Standing with Standing Rock
On November 15, people rallied at over 300 locations across the United States against the Dakota Access Pipeline. In D.C., the protest started outside the Army Corp of Engineers.
For anyone who hasn’t been following the story closely, the Dakota Access Pipeline has generated controversy because of plans to run it through Standing Rock, a Sioux reservation in South Dakota. Sioux leaders have argued that the pipe would run too close to their water supply to be safe, especially since pipes are prone to leakage. Building this pipeline would also require digging through their scared burial grounds.
Various organizers spoke to the crowd about the pipeline, with many offering personal stories about how they fear the pipeline would impact them. Older natives talked about being forced to give up parts of land where their parents and grandparents were buried.
Also at the rally was actress Shailene Woodley, who was arrested at a peaceful protest at Standing Rock in October.
“It’s great that it took a white, non-native woman to finally bring some attention to this,” Woodley said, criticizing the media for being slow to cover the pipeline story. She urged everyone to continue fighting it.
Protesters then marched to the White House, as part of a call for President Obama to shut down the pipeline. The first speaker there was Eryn Wise of the International Indigenous Youth Council.
“Our youth council does not understand why the president they voted for, some of them voting for the first time ever… seems to not care about why they’re here,” she said. “So I’m standing here today asking President Obama to stop the Dakota Access Pipeline… and stop pandering to the fossil fuel industry because the indigenous people are saying we do not want pipelines, we do not want people to poison our water and we do not want people to poison our children.”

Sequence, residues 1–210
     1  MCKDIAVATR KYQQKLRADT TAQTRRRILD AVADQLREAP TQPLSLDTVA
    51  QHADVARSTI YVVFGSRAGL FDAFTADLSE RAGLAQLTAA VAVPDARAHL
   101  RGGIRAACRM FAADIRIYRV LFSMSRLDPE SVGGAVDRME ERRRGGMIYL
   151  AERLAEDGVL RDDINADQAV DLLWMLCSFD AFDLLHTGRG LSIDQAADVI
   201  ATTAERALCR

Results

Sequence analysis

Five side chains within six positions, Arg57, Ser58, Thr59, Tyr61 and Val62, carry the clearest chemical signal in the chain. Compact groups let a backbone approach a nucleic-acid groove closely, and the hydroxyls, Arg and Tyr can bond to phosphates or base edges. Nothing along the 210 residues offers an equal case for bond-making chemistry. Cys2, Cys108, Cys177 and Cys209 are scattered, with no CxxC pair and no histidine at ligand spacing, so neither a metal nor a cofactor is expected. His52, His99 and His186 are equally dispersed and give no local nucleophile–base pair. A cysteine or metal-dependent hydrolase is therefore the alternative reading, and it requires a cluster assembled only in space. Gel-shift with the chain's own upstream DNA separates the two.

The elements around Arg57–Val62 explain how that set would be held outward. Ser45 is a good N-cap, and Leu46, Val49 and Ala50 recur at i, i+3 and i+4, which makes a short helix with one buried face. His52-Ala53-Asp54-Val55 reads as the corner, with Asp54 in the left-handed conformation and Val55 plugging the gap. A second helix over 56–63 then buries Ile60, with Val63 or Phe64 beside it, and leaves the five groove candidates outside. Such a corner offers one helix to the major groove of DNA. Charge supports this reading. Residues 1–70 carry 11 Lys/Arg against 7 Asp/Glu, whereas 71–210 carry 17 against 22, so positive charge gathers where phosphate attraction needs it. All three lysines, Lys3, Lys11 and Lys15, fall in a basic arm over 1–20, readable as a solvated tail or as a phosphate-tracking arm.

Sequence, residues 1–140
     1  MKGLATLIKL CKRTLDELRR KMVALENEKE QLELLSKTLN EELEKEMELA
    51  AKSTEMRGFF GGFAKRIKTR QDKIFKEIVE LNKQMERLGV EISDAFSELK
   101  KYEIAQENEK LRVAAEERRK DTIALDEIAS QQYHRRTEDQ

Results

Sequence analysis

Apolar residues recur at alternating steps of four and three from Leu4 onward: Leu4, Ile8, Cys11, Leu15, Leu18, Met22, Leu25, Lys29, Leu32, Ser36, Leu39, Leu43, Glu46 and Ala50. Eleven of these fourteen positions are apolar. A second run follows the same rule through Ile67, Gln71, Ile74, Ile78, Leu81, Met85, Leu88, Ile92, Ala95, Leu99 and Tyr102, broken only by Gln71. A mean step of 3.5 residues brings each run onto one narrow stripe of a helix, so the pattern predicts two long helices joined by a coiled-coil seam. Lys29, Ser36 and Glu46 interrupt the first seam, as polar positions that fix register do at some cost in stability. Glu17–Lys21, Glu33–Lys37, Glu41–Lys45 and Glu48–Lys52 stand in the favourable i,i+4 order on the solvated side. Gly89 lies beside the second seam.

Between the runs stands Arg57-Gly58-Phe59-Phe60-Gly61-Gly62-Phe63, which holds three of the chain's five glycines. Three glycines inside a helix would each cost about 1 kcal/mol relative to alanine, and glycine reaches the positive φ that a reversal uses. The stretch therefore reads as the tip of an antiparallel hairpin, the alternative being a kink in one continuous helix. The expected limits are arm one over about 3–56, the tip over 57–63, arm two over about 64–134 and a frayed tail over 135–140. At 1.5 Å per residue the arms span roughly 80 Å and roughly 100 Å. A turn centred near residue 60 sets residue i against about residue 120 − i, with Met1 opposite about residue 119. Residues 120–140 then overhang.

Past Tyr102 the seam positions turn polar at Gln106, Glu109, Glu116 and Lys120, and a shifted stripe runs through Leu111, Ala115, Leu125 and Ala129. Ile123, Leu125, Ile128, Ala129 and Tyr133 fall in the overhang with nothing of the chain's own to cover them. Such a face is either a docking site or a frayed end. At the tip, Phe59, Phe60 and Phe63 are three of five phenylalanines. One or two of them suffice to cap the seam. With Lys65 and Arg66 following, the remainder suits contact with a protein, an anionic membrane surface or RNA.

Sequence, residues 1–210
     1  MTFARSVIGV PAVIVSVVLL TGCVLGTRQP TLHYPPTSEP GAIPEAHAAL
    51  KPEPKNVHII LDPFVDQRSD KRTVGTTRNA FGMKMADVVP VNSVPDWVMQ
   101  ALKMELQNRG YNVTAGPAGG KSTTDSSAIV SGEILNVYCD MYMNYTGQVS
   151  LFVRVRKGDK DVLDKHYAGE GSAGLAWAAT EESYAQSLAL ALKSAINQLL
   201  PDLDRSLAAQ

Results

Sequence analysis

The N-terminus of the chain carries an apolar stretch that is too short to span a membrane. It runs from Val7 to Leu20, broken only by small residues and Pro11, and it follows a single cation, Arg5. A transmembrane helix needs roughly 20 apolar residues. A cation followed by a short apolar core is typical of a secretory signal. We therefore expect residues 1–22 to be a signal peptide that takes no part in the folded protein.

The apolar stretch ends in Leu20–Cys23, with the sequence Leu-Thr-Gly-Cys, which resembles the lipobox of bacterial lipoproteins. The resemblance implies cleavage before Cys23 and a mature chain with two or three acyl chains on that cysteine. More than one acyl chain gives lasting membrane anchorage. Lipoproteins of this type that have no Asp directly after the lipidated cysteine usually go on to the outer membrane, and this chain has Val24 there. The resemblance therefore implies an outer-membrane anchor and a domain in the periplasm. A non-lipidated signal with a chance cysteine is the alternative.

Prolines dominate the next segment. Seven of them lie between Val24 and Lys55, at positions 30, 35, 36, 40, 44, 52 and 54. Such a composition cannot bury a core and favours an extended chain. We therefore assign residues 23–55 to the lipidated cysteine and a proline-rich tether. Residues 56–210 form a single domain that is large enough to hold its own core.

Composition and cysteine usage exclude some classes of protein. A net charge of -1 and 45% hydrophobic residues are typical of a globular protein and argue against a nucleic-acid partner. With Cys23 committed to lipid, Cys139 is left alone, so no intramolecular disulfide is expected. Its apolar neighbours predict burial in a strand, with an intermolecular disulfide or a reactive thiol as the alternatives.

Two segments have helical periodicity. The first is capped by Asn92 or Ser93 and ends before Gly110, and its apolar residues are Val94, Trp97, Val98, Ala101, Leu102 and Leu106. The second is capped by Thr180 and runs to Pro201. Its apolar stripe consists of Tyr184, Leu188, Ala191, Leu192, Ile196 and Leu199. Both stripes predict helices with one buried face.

After a few short speeches by other indigenous organizers, Wise announced that Senator Bernie Sanders had arrived to speak. The crowd responded with cheers and applause, with many yelling phrases like “Viva Bernie!” and “We love you Bernie!”
In her introduction, Wise thanked Sanders, along with is his wife, Jane, for being one of the only politicians to speak out about the importance of native rights.
“Jane and I are proud and honored to be with you this evening,” Sanders said, “and we are proud to be with people in 300 communities all over this country who are demanding that the pipeline not be built.”
Sanders said that the pipeline should not be forced on the indigenous people if they do not want it running through their land.
“For hundreds of years, the Native American people have been lied to, have been cheated and their sovereign rights have been denied them,” he said. “Today, we are saying it is time for a new approach to the Native American people.”
Sanders told the crowd that at a time when the world is facing a water crisis, the country cannot afford to jeopardize the water on which millions rely. He also criticized the pipeline as being part of man-made climate change.
“I don’t have to tell anybody here that we have a new president coming in who wants this country to become more dependent on fossil fuel,” he said. “We have got to tell Mr. [Donald] Trump and everybody else: We are not going silently into the night. The stakes are too high for the future of this planet. We’re going… to tell the fossil fuel industry that their short-term profits are not more important than the future of our planet.”
It was incredibly powerful to hear.
Our history is one that is unjust to native peoples, and we act as if that it’s a thing of the past, as if oppression or disenfranchisement of natives stopped after the Trail of Tears.
This pipeline is being forced upon the natives who do not want it. At first, it was designed to follow a different route, but the primarily white town it was going to run through said they didn’t want it. But when a sovereign, indigenous nation peacefully says they do not want it, it’s forced upon them.
To top off an amazing rally, I crossed paths with Sanders and his staffers as they left, to which I yelled “thank you Bernie!” He paused, looked back, smiled, waved and said “and thank you.”
I’m still in disbelief that it happened. I talked to an incredibly important, well-known American leader. but as much as I’d like it to be, that’s not what needs to be talked about. This is about the people of Standing Rock.
Originally published at gw.therival.news by Emily Milakovic on 12.6.16.
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